455 new HIV cases reported among Singapore residents last year

SINGAPORE: A total of 455 new cases of human immunodeficiency virus (HIV) infections were reported among Singapore citizens and permanent residents last year, the Ministry of Health (MOH) said in an update on its website.

This brings the total number of HIV-infected Singapore residents to 7,140 as of end-2015, including 1,816 who have died.

The number of new reported HIV cases has remained consistent at about 450 per year since 2008, the ministry said. In 2014, there were 456 new HIV cases among Singapore residents.

Of the cases reported in 2015, 93 per cent were male and 74 per cent were between 20 and 49 years old. About 40 per cent already had late-stage HIV infection when they were diagnosed, a drop from the 49 per cent recorded in 2014.

Sexual intercourse remains the main mode of HIV transmission, with 97 per cent of the cases last year – 440 out of 455 – acquired through sexual intercourse, MOH said. Heterosexual transmission 38 per cent of the cases, homosexual transmission accounted for 51 per cent and bisexual transmission 8 per cent.

For the remaining cases, four had acquired HIV through intravenous drug use. The cause of infection for the remaining 11 cases could not be determined, the ministry said.

Nearly half, or 46 per cent, of the newly reported cases were detected by HIV tests done in the course of medical care provision, MOH said, adding that cases detected via this route typically are at the late stage of HIV infection.

Another 29 per cent were detected during routine programmatic HIV screening, while 18 per cent were detected as a result of voluntary HIV screening. Cases detected via voluntary screening are more likely to be at the early stage of their infection, the ministry said.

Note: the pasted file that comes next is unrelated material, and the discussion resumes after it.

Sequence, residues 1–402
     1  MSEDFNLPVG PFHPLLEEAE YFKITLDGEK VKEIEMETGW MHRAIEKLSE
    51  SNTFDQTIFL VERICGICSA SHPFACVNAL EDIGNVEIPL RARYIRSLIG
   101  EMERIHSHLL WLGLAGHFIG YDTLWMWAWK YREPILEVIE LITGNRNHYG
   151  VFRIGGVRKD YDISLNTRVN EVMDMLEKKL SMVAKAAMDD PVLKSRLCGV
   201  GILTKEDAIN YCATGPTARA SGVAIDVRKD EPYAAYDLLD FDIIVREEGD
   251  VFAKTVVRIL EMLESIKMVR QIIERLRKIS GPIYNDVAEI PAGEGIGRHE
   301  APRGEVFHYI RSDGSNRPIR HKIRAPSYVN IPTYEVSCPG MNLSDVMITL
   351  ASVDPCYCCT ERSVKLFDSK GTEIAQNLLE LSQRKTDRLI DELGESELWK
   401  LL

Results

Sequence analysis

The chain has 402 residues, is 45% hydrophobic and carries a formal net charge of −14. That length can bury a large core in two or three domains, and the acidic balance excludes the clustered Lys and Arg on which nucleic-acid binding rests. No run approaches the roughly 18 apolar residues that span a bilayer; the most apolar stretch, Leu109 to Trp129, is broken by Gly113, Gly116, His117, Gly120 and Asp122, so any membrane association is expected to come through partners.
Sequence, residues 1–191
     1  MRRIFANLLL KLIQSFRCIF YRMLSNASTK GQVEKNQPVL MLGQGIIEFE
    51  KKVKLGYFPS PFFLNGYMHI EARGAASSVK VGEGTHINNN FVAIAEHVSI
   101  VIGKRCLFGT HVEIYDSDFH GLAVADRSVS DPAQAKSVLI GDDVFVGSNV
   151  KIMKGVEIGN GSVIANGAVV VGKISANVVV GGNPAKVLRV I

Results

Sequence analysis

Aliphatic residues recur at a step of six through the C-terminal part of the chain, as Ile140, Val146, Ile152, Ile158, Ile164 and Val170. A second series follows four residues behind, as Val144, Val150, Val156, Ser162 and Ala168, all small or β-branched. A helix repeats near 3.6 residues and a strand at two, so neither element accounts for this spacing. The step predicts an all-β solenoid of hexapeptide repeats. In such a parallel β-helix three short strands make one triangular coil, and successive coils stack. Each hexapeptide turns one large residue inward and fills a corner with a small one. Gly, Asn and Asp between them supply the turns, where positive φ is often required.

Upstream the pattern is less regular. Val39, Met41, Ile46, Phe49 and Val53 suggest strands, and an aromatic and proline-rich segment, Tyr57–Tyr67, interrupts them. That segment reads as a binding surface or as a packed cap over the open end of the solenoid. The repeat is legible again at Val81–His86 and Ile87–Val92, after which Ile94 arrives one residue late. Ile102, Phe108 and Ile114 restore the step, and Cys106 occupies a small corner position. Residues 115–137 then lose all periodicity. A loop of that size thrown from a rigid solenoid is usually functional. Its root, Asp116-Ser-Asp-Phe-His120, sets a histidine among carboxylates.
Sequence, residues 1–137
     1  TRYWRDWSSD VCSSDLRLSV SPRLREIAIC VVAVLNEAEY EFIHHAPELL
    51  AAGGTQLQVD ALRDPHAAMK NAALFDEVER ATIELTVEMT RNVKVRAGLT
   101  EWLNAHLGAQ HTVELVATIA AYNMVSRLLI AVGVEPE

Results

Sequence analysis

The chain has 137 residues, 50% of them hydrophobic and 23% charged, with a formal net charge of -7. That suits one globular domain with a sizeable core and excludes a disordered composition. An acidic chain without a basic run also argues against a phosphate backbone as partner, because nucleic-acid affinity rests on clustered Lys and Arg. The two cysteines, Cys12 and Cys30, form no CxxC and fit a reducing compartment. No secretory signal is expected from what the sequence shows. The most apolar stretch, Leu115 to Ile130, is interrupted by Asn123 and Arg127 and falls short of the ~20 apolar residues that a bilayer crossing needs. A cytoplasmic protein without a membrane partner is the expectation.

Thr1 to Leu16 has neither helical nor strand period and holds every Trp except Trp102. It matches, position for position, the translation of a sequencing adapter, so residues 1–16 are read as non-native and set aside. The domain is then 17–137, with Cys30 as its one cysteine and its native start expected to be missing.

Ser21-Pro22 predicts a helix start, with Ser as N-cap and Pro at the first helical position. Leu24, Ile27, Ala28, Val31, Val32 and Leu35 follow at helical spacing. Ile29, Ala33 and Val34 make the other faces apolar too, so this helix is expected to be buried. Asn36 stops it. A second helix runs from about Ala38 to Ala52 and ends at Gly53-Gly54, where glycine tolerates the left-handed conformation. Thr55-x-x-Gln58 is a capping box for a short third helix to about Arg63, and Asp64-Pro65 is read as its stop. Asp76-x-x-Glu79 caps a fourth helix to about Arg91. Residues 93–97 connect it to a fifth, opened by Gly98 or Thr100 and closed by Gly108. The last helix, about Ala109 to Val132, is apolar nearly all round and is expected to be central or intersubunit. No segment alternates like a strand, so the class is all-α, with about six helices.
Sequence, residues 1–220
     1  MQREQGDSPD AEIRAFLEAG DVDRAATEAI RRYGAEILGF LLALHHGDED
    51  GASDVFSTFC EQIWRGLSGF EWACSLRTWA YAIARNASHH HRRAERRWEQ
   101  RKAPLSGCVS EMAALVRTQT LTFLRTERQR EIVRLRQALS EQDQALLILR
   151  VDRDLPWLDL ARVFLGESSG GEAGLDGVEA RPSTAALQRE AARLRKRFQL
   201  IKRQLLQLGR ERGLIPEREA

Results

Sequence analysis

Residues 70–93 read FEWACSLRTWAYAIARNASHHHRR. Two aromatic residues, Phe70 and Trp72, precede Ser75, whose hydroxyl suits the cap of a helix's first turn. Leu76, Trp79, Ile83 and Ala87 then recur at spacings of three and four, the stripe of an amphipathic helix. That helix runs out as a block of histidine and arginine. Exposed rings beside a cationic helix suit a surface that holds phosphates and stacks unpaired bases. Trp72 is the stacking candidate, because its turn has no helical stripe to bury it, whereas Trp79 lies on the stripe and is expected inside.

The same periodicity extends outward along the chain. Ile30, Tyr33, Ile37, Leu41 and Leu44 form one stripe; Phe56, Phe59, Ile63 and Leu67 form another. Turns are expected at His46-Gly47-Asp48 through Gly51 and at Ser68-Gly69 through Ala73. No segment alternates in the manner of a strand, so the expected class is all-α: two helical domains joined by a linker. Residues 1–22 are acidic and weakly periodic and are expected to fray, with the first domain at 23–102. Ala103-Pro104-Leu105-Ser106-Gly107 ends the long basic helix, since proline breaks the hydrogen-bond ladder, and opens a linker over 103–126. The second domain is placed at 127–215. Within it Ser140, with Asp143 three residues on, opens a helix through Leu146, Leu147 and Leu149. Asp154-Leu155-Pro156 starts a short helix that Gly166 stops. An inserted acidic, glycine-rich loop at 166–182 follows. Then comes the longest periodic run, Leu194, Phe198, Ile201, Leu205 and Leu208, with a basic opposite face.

When differentiated by sexual transmission, a higher proportion of homosexuals and bisexuals (28 per cent) had their HIV infection detected via voluntary screening compared to heterosexuals (3 per cent).

“The most effective way to prevent HIV infection is to remain faithful to one’s spouse or partner and to avoid casual sex or sex with sex workers,” MOH said.

“Persons engaging in high-risk sexual behaviour, such as having multiple sexual partners or engaging in casual or commercial sex, are strongly advised to use condoms to reduce their risk of HIV infection. Condoms should be used consistently and correctly during every sexual encounter.”

Individuals who engage in high-risk sexual behaviour should go for early and regular HIV testing, the ministry said.

“With early diagnosis, an infected person can be treated earlier, and receive counselling on how to protect their partners from infection. Early treatment and care delay the onset of Acquired Immune Deficiency Syndrome (AIDS) and allows the infected individual to live an active and productive life. Early treatment also reduces HIV spread in the community.”

“The number of infections among gays and other MSM reported in 2015 in Singapore was the highest ever since the start of the epidemic. This follows the drop in the number of infections in 2014 compared to 2013, and it is a disheartening statistic.

Efforts to change behaviour are not working well as well as we had hoped. Highly effective medications against HIV infection has been a godsend for persons infected with HIV, it has also led to reduction of fear and concern about HIV/AIDS, and falling levels of safer sex. As a result we have been seeing increasing numbers of HIV and other sexually-transmitted infections among gays and other MSM.

We will need to correct the false sense of security that many of the affected populations are under. We need to understand the complexities of relationships and high-risk situations that lead to HIV transmission.

We need to look for ways to make HIV testing even more accessible. We need to ensure that everyone who tests HIV positive get into a treatment programme, and that the treatment is affordable and effective.

Biomedical strategies to stop the transmission of HIV viz. the use of anti-retroviral medications for prevention (Post- and Pre-Exposure prophylaxis) must be evaluated. In particular, pre-exposure prophylaxis is being rolled out in many other places, where it has been shown to be very effective in reducing the number of new HIV infections.”

– Our reply to the media by AfA Spokesperson